Quigley’s “Mike on the Move” Tour Highlights Divvy Bicycle Ride-Sharing System
CHICAGO — Today, U.S. Representative Mike Quigley (IL-05), a member of the Appropriations Subcommittee on Transportation, Housing and Urban Development, and Related Agencies (THUD), took his “Mike on the Move” transportation initiative to Divvy, a city wide bicycle ride-sharing system. His visit highlighted the trends of public transit and biking that the city is adapting in order to create a more transportation friendly and safer environment for bicyclists in the City of Chicago.
“Reliable, safe and affordable transportation options are essential to ensuring our continued prosperity both nationally and here at home in Chicago,” said Rep. Quigley. “Renewing and reinvigorating America’s transportation infrastructure will require forward-thinking investments in our nation’s roads, trails and rails, and Divvy Bikes is a leader in this initiative. Long-term investments in infrastructure and safety measures specifically aimed towards biking will produce a long-lasting impact on our communities and cities, furthering Chicago’s efforts to remain a bike-friendly city.”
“Having Representative Quigley swing by Divvy Headquarters was a real treat for our team,” said Elliot Greenberger, General Manager of Divvy. “We not only had the chance to talk about what’s needed to make cities more bike-friendly, but we also had the chance to show him our behind-the-scenes operations.”
“As Chicago’s newest transit system, Divvy is a great success story, providing a healthy, affordable way for Chicagoans to get to jobs and schools while exercising and having fun,” Chicago Department of Transportation (CDOT) Commissioner Rebekah Scheinfeld said. “With our latest expansion, Divvy now covers more than 100 square miles in the City of Chicago and is the geographically largest bike share system in North America.”
During his tour, Rep. Quigley met with Divvy leadership and toured their facility on W. Hubbard. He joined mechanics on repairs and joined staff with rebalancing a Divvy bike station. He also met with Chicago Department of Transportation (CDOT) officials to discuss program growth and what Congress can do to improve infrastructure and safety measures to continue making Chicago a bike-friendly city.
Rep. Quigley with Jim Merrell, Campaign Director, Active Transportation Alliance (right) and Elliot Greenberger, General Manager, Divvy near the Divvy warehouse after discussing safety measures that can be incorporated into our infrastructure to make biking safer.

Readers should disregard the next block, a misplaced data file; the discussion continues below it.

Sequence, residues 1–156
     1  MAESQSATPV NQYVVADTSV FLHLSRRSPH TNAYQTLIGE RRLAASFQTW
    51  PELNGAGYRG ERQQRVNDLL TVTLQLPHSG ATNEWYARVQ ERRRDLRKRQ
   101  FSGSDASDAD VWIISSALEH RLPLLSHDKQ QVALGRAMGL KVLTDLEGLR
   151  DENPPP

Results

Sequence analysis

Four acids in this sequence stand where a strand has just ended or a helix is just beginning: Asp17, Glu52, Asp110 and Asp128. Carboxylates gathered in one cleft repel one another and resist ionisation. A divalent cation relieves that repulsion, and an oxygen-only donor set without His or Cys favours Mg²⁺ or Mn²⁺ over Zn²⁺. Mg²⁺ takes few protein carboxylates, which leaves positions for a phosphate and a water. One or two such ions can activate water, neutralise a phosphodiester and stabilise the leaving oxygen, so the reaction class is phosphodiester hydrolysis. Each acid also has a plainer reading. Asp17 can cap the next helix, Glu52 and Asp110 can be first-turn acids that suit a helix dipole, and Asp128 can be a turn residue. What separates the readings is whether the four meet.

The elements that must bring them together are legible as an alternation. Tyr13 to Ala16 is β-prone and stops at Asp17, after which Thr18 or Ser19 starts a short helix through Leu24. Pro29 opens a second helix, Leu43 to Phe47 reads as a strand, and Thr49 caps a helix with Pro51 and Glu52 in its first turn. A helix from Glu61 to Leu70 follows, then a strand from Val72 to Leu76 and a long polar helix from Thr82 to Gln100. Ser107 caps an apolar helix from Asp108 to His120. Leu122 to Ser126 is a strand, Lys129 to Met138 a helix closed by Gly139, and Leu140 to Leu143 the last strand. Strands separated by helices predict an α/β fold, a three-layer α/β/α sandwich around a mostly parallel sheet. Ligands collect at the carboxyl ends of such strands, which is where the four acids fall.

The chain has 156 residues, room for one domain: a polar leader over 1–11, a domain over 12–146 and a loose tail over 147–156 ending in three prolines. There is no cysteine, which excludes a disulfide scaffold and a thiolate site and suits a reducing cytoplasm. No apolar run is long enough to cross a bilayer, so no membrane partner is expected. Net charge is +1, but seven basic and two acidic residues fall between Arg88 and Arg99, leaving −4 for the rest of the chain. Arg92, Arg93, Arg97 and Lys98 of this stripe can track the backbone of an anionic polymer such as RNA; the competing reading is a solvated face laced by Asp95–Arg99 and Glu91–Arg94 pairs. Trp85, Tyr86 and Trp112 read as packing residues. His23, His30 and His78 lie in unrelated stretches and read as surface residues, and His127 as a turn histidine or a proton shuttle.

Rep. Quigley working with Divvy mechanics on bike repairs in their warehouse station in Chicago, IL.
Rep. Quigley assisting Divvy staff with station replenishment at a Navy Pier location.
Divvy is Chicagoland’s bike share system with thousands of bikes available at more than 580 stations across the region and is a program of the Chicago Department of Transportation (CDOT), which owns the city’s bikes, stations and vehicles. Divvy provides residents and visitors with a convenient, fast, fun, and affordable transportation option for getting from Point A to Point B. The bike sharing system consists of a fleet of specially designed, heavy-duty, very durable bikes that are locked into a network of docking stations located throughout a city. Divvy bikes can be rented from and returned to any station in the system, creating an efficient network with many possible combinations of start and end points. With thousands of bikes at hundreds of stations, Divvy is available for use 24 hours a day, 365 days a year.
This summer, CDOT officials and the City of Chicago also launched the Vision Zero Chicago Initiative, aimed at eliminating traffic fatalities for all road users, including bicycles. The initiative uses crash data in planning engineering improvements for education and enforcement support for reducing crashes.
Rep. Quigley’s “Mike on the Move” initiative emphasizes how the federal government can support transportation and infrastructure investments. Previous “Mike on the Move” events highlighted CTA Red and Purple Line renovation sites, the 606 bike and pedestrian trail during construction and shortly after it opened, Chicago’s Metra system’s century old switching tower and Amerail passenger car rehabilitation project, innovative bike and pedestrian trails around the city, large road construction projects, and Chicago’s notorious rail congestion.
As Illinois’ only member on the House Appropriations Committee, Rep. Quigley has pushed for a long-term surface transportation bill and prioritized Chicago-area infrastructure investments as a member of the Subcommittee on Transportation, Housing and Urban Development, and Related Agencies (THUD). He has helped secure $35 million in Core Capacity grants to benefit CTA and over $100 million for projects to ease flooding in Cook County. Most recently he fought for increased funding for the TIGER grant program to benefit both highways and pedestrian projects.